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Bottled Water: A Symbol of U.S. Commerce, Culture

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Bottled Water: A Symbol of U.S. Commerce, Culture

Business

Bottled Water: A Symbol of U.S. Commerce, Culture

Bottled Water: A Symbol of U.S. Commerce, Culture

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  • <iframe src="https://www.npr.org/player/embed/11523344/11523347" width="100%" height="290" frameborder="0" scrolling="no" title="NPR embedded audio player">
  • Transcript

The bottled water business in the United States is booming. People increasingly are willing to pay for something they can just as easily have for free. Yet many people around the world have no dependable, safe drinking water. Charles Fishman of Fast Company magazine talks about his article "Message in a Bottle" with Robert Siegel.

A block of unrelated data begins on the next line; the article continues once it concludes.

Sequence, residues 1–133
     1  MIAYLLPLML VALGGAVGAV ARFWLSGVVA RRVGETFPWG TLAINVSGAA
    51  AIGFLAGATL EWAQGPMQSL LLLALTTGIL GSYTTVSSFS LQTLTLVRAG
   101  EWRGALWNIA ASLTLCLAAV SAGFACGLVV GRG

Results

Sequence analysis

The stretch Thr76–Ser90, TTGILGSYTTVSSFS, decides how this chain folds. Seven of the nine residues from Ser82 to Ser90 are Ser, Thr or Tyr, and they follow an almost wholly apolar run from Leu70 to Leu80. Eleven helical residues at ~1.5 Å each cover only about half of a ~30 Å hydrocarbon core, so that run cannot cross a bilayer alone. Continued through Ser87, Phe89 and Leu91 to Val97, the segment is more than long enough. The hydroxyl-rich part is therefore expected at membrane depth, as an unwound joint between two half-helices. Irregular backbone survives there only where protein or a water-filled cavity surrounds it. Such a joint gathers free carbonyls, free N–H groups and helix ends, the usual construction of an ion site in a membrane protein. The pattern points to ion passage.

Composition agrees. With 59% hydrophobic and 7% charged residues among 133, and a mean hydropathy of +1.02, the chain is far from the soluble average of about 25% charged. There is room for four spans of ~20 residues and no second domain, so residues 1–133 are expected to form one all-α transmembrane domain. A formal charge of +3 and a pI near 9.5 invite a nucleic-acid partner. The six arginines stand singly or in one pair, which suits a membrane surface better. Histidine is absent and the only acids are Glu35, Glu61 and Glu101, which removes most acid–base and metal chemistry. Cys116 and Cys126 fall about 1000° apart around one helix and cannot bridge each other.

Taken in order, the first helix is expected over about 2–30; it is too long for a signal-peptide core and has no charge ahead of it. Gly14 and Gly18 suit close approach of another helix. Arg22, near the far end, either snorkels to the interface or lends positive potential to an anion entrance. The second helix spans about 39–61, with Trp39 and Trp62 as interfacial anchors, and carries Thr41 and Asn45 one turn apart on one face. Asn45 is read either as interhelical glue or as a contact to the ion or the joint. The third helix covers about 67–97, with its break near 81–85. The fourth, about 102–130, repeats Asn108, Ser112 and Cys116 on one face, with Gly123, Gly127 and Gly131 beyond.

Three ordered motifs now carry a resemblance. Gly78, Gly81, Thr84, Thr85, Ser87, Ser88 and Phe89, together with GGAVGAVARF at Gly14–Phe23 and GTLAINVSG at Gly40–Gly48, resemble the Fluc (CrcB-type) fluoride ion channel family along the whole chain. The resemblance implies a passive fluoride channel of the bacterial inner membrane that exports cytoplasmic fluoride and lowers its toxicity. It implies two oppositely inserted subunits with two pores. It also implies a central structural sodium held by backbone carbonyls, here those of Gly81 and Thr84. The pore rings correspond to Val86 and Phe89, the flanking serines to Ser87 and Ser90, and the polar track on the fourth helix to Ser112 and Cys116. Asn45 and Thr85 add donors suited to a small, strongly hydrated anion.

In the article, Fishman calls a plastic bottle of water in a store's cooler "the perfect symbol of this moment in American commerce and culture. It acknowledges our demand for instant gratification, our vanity, our token concern for health. Its packaging and transport depend entirely on cheap fossil fuel."

He writes that when an industry that supplies something people don't need — an industry "built on the packaging and the presentation" — grows and thrives like the bottled-water industry, it's important to ask how that happened and what the impact is.